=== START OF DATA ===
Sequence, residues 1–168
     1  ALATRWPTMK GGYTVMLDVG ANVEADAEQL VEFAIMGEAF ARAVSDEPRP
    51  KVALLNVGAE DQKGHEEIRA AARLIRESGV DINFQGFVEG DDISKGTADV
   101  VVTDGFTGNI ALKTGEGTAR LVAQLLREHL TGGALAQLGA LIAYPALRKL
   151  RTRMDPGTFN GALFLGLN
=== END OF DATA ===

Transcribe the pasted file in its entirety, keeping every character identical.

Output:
Sequence, residues 1–168
     1  ALATRWPTMK GGYTVMLDVG ANVEADAEQL VEFAIMGEAF ARAVSDEPRP
    51  KVALLNVGAE DQKGHEEIRA AARLIRESGV DINFQGFVEG DDISKGTADV
   101  VVTDGFTGNI ALKTGEGTAR LVAQLLREHL TGGALAQLGA LIAYPALRKL
   151  RTRMDPGTFN GALFLGLN